Elektra Review

by Jerry Saravia (faustus_08520 AT yahoo DOT com)
February 1st, 2006

ELEKTRA (2005)
Reviewed by Jerry Saravia
RATING: Two stars
Watching Jennifer Garner in a billowing red dress wielding two dagger weapons might endear the prepubescent set but
not me. Nevertheless, despite shortcomings in the script and character department, "Elektra" is not as bad as reputed to be and gets marginally better as it rolls along. It is not a Marvel adaptation to marvel home about, but it is no disaster either.
Garner plays the titled character, last seen in "Daredevil" where she was killed during combat. Now she is resurrected from the dead by her blind mentor, Stick (Terence Stamp), who had also trained Daredevil once upon a time in Marvel comic-book land. But instead of being a noble superheroine, Elektra is an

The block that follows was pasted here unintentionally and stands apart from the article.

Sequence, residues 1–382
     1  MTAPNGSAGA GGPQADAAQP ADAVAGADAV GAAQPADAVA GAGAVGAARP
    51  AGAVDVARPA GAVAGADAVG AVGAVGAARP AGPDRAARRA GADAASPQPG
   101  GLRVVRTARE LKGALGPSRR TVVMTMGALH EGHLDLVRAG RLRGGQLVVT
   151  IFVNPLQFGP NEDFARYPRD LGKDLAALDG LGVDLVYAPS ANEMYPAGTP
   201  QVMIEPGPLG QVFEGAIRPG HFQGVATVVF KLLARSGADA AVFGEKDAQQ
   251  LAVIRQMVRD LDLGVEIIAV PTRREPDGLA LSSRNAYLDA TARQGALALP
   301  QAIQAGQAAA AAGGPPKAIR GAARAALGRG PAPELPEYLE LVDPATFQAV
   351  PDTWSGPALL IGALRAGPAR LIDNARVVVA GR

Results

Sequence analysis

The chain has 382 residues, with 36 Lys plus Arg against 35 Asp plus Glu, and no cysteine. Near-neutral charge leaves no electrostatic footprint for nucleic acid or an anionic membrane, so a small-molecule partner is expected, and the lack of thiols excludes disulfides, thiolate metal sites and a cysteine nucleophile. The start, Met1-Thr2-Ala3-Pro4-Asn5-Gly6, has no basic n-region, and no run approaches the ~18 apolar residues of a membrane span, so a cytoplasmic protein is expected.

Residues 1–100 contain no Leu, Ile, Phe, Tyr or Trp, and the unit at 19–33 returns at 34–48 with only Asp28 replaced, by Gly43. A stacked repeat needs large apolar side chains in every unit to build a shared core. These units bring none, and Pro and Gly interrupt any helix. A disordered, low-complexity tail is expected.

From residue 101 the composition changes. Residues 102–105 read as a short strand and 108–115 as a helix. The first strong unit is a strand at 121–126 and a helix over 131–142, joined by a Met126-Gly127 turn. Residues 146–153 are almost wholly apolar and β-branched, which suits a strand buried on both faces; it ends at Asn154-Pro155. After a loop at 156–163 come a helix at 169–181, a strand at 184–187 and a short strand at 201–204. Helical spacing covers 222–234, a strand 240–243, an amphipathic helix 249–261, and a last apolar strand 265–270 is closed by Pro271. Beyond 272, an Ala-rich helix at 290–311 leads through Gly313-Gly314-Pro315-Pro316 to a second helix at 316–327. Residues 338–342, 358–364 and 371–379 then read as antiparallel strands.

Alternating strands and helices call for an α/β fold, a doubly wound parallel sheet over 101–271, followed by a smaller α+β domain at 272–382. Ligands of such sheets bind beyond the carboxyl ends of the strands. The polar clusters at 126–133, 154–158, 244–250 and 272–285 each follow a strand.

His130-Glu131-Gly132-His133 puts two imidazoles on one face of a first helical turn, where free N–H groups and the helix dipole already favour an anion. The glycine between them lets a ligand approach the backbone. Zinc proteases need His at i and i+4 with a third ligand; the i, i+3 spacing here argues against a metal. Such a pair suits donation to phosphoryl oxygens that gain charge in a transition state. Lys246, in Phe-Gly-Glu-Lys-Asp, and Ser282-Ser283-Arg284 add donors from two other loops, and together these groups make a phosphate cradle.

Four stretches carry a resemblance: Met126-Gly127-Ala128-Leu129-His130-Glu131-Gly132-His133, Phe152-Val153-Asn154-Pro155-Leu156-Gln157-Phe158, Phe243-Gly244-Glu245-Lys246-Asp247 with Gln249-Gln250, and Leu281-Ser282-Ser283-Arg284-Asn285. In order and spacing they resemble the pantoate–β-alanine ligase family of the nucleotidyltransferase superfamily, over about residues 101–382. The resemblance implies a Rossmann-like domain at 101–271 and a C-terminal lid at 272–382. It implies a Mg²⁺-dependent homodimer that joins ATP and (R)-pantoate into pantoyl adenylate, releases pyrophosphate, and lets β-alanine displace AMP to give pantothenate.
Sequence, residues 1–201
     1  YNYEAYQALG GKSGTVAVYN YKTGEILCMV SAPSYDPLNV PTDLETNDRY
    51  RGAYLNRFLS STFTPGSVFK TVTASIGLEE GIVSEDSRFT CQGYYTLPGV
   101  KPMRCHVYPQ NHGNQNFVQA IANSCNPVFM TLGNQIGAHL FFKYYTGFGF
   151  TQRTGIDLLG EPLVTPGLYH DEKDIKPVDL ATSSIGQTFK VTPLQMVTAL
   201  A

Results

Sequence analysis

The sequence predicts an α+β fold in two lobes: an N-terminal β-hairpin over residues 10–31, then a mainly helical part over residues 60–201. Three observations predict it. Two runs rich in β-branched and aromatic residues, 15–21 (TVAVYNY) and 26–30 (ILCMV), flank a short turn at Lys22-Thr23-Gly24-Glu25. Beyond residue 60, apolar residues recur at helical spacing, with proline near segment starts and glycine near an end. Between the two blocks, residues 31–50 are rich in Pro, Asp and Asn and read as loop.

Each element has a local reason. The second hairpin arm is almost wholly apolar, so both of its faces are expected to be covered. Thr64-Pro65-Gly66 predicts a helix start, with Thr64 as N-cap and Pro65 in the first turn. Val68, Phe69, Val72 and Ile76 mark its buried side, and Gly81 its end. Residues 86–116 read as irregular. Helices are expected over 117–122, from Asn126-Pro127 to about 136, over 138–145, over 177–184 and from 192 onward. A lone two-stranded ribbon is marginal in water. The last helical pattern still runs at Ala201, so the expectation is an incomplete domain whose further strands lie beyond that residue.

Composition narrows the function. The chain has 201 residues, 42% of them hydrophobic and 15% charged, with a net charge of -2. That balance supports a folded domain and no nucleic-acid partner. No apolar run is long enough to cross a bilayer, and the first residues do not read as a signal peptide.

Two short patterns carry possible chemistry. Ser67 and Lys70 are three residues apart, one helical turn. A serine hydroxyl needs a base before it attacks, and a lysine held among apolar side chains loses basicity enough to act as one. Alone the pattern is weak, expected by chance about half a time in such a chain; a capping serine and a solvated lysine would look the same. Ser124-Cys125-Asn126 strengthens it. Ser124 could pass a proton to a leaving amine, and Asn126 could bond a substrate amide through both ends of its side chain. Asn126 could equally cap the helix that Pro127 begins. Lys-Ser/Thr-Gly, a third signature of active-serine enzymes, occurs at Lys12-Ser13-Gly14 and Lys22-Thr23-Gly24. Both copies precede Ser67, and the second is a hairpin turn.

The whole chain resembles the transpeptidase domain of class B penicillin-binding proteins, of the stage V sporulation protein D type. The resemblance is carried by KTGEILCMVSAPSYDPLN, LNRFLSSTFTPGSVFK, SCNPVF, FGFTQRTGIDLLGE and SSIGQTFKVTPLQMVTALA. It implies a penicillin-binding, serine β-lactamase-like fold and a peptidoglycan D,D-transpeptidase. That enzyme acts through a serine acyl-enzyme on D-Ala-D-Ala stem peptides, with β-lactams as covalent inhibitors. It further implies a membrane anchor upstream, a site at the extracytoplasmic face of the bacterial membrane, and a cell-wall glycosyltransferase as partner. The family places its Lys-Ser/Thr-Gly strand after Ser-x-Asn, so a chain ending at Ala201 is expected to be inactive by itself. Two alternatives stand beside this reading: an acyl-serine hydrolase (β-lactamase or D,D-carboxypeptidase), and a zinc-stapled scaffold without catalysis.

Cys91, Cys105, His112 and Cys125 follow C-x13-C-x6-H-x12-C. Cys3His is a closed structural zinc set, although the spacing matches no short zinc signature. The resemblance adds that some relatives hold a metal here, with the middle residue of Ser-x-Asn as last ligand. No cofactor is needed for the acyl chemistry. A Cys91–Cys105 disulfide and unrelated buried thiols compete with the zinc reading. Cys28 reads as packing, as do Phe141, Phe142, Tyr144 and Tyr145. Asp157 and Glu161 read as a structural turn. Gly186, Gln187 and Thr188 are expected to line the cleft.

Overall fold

assassin-for-hire, I think, though she seems to work exclusively for one agent. I also think she is hired to kill her enemies who mostly work for the Order of the Hand, a Japanese organization. The Hand is after the Treasure, and it is up to Elektra to prevent anyone from grabbing the Treasured Treasure. Prior to this underwhelmingly flimsy plot, Elektra is commissioned for a hit on her neighbors, a single father and his effusively smart daughter (played by Goran Visnjic and Kirsten Prout). Naturally, she has a Nikita conscience and chooses to save them from ninja
assassins who are about to kill them as well. Whatever.
"Elektra" has its share of mediocre fight scenes, all edited with chainsaw ferocity rather than any real Zhang Zimou or Ang Lee flair. The movie has far too many plot holes (including a bare mention of Elektra's OCD) and a risible romantic subplot, though the special-effects and the supervillains are occasionally nifty. Still, the movie is all about intense close-ups of that angular face of Jennifer Garner's. I never bought her as an assassin, however, if nothing else, Garner has an electric presence on screen - she always seems adrift in her own thoughts and you can't help but wonder what she is thinking. Her face is the only thing that sizzles in "Elektra."
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